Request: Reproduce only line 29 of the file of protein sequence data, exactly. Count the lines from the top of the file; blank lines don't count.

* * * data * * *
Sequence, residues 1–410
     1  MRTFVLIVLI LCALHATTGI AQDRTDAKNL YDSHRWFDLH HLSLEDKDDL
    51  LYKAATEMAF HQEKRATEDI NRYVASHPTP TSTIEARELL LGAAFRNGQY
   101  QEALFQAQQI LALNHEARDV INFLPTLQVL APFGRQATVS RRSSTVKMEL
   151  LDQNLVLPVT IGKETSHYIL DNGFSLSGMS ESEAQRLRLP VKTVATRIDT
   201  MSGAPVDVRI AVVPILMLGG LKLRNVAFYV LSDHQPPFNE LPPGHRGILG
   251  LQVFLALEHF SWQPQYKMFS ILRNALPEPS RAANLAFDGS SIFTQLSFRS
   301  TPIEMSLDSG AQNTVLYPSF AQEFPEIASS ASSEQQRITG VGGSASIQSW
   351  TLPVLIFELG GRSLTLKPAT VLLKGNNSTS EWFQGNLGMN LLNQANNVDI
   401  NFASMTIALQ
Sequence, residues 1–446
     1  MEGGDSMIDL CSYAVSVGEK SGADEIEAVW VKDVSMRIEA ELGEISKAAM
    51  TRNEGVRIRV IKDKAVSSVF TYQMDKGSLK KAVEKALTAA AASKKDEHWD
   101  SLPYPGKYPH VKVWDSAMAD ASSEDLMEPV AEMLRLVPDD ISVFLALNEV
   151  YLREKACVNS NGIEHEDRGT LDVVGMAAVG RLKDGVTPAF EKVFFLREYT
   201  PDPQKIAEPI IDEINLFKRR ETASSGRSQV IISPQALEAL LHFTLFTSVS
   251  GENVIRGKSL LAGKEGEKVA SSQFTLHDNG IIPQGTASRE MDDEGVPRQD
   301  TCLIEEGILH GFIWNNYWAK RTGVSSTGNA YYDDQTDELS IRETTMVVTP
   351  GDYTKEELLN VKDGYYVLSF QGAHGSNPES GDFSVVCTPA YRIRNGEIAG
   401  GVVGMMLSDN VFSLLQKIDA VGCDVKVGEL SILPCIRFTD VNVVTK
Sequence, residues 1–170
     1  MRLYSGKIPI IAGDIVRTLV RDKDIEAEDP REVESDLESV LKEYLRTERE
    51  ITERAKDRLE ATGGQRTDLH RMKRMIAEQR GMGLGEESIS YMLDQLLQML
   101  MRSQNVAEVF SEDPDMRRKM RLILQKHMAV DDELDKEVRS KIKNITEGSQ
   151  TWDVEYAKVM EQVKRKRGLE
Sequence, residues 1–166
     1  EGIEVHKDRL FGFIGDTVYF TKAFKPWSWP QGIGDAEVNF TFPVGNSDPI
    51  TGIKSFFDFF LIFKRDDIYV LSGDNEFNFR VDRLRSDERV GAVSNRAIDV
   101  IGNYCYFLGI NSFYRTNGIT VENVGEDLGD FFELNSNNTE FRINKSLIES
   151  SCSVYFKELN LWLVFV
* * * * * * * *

   101  IGNYCYFLGI NSFYRTNGIT VENVGEDLGD FFELNSNNTE FRINKSLIES